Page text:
Comparison Group (N = 1,308) Utah 2008 BRFSS Used prescription opioid in prior 12 months Utah residents ≥18 years of age
Statistical Methods Exposure prevalence (prevalence of characteristics) Exposure prevalence ratios (EPR) as measure of association Decedent prevalence EPR = Comparison prevalence 95% Confidence intervals (CI)
Pain Medication Source and Use Prevalence (%) EPRCharacteristic Decedents Comparison (95% CI) Obtained 0.8 80.3 96.2via prescription (0.8–0.9) Obtained 4.3 35.8 8.3via other source (3.2–5.4)Used more than 16.5 52.9 3.2 prescribed (9.3–23.7)
Pain Type among Decedents No Acute pain pain 9% 8% Chronic pain 83%
Chronic Pain Comparison (Obtained via Prescription) Decedents (N = 191) Comparison (N = 1253) Acutepain only Acute 6% pain only 78% Chronic Chronic pain pain 94% 32% EPR = 3.0 (95% CI = 2.7–3.3)
Numbers of Drugs as Decedent CODs (N = 254) Number of Percentage ofNumber of Drugs Decedents Decedents (%) 1 56 22.0 2 56 22.0 3 76 29.9 4 44 17.3 ≥5 22 8.7
Illicit Substance Use History (Lifetime) among Decedents (N = 251) Number of Percentage ofType of Drugs Decedents Decedents (%) Heroin 52 20.7 Cocaine 77 30.7 Any illicit 154 61.4 substanceIllicit substance 129 51.4 use treatment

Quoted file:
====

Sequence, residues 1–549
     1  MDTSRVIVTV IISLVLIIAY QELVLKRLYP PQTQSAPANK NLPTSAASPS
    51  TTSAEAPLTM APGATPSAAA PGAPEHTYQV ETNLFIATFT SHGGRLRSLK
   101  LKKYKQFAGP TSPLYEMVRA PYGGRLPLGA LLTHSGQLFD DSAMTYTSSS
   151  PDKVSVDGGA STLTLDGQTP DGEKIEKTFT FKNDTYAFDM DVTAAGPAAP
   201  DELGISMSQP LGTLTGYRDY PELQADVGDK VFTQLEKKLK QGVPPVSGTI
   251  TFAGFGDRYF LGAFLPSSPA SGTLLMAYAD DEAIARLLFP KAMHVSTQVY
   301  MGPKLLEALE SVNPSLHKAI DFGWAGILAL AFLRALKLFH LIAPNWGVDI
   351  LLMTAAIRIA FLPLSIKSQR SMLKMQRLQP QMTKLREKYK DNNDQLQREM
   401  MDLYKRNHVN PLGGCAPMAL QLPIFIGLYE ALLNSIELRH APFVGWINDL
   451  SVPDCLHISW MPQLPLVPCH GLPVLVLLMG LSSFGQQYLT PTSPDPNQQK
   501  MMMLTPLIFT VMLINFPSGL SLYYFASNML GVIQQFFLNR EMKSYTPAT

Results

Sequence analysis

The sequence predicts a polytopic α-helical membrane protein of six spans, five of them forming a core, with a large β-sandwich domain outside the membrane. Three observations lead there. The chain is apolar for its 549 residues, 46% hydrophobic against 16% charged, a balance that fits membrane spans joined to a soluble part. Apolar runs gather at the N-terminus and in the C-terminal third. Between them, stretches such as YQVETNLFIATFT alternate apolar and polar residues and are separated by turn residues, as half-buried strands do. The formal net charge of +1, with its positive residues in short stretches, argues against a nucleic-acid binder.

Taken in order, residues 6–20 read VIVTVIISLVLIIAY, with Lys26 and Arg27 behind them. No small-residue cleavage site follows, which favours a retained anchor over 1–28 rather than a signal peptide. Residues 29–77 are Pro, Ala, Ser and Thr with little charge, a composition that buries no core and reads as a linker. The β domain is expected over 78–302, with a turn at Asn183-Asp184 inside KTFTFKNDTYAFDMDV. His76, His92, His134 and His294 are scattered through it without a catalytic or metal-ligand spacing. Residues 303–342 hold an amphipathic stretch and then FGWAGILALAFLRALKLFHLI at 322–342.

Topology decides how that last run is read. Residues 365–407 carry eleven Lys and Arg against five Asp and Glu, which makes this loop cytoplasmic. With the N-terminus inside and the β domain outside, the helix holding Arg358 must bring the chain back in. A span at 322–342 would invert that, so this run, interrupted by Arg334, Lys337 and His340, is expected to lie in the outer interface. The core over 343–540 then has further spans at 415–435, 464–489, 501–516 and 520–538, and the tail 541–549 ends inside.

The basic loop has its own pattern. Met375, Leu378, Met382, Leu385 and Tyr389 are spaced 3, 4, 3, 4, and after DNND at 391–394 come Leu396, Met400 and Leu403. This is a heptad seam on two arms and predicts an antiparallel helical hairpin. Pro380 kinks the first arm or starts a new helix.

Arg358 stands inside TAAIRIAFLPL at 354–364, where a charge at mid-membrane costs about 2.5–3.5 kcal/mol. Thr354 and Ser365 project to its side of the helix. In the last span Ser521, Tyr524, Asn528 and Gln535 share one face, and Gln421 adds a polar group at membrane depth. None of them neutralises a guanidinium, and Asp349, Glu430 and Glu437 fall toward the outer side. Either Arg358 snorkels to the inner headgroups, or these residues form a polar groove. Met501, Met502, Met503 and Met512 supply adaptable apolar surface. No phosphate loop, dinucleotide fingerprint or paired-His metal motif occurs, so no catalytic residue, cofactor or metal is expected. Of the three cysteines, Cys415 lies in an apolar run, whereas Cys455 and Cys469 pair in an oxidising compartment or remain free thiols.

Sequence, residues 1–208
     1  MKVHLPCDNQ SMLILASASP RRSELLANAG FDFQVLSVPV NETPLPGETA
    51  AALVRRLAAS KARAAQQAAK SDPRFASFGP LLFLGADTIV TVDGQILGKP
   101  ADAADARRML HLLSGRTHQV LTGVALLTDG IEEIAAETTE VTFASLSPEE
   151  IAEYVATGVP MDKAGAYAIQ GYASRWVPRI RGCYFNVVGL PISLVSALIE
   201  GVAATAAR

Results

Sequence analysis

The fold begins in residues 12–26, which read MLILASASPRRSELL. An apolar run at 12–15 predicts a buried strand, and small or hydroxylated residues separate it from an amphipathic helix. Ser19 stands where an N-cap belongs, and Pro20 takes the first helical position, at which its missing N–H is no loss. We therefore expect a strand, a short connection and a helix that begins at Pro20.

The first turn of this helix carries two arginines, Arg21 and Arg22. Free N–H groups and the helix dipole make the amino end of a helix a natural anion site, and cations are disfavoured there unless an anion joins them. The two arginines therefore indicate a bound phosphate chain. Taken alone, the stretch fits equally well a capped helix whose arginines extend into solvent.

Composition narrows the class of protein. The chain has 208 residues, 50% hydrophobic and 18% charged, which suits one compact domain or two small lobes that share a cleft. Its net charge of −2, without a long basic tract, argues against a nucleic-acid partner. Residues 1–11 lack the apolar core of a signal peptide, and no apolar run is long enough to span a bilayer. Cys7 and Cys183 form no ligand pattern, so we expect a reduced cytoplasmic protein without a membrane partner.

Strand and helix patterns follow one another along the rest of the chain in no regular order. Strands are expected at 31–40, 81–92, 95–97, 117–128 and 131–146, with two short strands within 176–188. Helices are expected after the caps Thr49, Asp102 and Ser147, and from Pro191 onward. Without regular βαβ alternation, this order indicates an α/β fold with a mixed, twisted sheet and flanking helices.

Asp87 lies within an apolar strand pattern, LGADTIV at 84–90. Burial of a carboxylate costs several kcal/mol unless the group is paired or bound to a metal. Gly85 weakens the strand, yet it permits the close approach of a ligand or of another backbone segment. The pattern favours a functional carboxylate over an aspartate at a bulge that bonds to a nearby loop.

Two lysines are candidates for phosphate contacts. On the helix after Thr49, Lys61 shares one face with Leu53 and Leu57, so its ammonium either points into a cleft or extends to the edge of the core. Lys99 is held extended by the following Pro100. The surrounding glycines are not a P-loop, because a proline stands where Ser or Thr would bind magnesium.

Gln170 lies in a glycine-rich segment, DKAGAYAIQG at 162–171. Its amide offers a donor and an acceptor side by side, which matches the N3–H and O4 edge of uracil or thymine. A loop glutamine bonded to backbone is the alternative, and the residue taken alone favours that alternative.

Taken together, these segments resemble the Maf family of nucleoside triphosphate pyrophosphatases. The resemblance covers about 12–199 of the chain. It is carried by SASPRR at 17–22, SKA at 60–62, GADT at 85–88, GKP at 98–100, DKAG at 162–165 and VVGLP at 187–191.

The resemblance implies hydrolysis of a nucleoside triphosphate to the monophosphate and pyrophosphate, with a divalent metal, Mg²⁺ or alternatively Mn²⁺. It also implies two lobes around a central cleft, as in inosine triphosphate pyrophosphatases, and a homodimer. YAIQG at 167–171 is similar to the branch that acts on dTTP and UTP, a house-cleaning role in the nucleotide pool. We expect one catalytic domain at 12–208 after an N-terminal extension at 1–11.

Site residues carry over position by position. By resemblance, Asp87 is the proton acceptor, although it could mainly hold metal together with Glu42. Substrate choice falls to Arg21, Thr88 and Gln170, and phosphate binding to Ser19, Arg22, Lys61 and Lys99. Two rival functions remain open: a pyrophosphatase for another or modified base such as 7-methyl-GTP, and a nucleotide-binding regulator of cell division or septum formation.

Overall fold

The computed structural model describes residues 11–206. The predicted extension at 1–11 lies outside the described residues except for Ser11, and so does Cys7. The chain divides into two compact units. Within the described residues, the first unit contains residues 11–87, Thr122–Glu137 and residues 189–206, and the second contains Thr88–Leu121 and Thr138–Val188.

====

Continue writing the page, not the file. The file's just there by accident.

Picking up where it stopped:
Alcohol Use and Cause of Death 88% of decedents ever drank 14% of decedents drank daily in last 2 months 2% of comparison group drank daily in last month COD among decedents: 10%
Education and Smoking Prevalence (%) EPRCharacteristic Decedents Comparison (95% CI) Did not graduate 3.0 18.5 6.2from high school (2.0–3.9) 5.6 Smoked daily 54.5 9.7 (4.4–6.9) Smoked daily 5.0 (education- 49.1 9.7 (4.0–6.1) adjusted)
Marital Status and Health Insurance Prevalence (%) EPRCharacteristic Decedents Comparison (95% CI) Divorced/ 3.7 34.6 9.4 Separated (3.0–4.4) 2.3 Uninsured 29.2 12.5 (1.8–2.8)